This may come off as a rant, but really it’s a warning to new parents out there.
What is a California Regional Center?
From the CA.gov website:
“Regional centers are nonprofit private corporations that contract with the Department of Developmental Services to provide or coordinate services and supports for individuals with developmental disabilities. They have offices throughout California to provide a local resource to help find and access the many services available to individuals and their families.”
Which means what?
It means if I have concerns that my child may have autism, I can get my child evaluated at a regional center, and if the evaluation places my child on the autism spectrum, regional centers will provide services to help my child.
That’s in theory.
What happened to us?
In 2004, my fourteen-month-old son was provisionally diagnosed with autism and was accepted as a client with our regional center’s early intervention program. When he was age three, he was given the diagnosis of autism, and those services continued.
Also, at the same time, the school district assessed my child, placed him in an appropriate educational environment, and provided an aide, speech therapy, and occupational therapy.
Along with regional center services!
What recently happened to a child?
I have a friend who is a pediatrician. He has a two and a half-year-old patient whom he referred to the regional center. The parents took the child and got him evaluated. The psychologist evaluated the child and gave him a diagnosis of autism.
And, they assigned the child a case worker.
The holidays came and the regional center told the parents that they wanted to wait during the “slow Holiday period” before beginning services.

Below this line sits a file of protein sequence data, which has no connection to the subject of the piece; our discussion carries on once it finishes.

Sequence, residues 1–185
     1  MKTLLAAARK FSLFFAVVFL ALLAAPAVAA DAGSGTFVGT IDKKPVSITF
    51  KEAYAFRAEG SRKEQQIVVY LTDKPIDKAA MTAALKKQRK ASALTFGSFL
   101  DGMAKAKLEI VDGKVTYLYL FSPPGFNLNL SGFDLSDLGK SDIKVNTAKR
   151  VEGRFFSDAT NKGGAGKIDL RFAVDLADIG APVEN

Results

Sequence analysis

January came and went as the parents called and didn’t receive a call back from the regional center.
February came and the regional center told the parents that they didn’t have funds for services for new clients. They had to direct the funds they did have to established clients. They told the parents that they would have to call their insurance.
What is the warning here?
Here is the lesson for those of you that live in California.
*Regional centers have to evaluate any child that has a concern about autism – Parents can have this concern, pediatricians, school officials. They cannot turn away your child.
*Regional centers cannot diagnose over the phone.
*If regional center assigns an autism diagnosis to a child—and assigns a case worker—they have to provide services to that child.
Regional centers cannot turn away that child.
They cannot tell the family to “go check your insurance.”
They have to provide services.
And, they have to return phone calls. Our regional center has a 48 to 72 hour return call policy.
This family waited two weeks.
What about the school district?
The school district will provide some services, but the regional center is responsible for services like ABA at-home services, Discreet Trail Training at-home services, Floor Time at-home services, and respite at-home services.
Respite is now a service that is partially paid by the family—depending on family income.
But, ABA services, Discreet Trail Training services, and Floor Time services have to be provided by the regional center for as long as the child needs.
Especially when that regional center has assigned a diagnosis AND a case worker!
They cannot say they don’t have funds for a new client.
What should a parent do in this case?
Call them back and ask to talk to a supervisor.
Ask them when your child will be receiving services. Not IF but WHEN. Tell them that you know that a regional center cannot pick and choose who they want to provide services to.
If they respond that they cannot provide services because of lack of funds (like they did in this case), tell them you are consulting an attorney.
And, then consult an attorney.
It’s that important. Your child is that important. And, it’s that important to not let any regional center treat you AGAINST the state-wide regional center policy.
It’s unfortunate that you have to fight like this for your child, but sometimes you do. I’ve heard about fights like these too often.
So, put on your fighter-advocacy cap and step into the ring.
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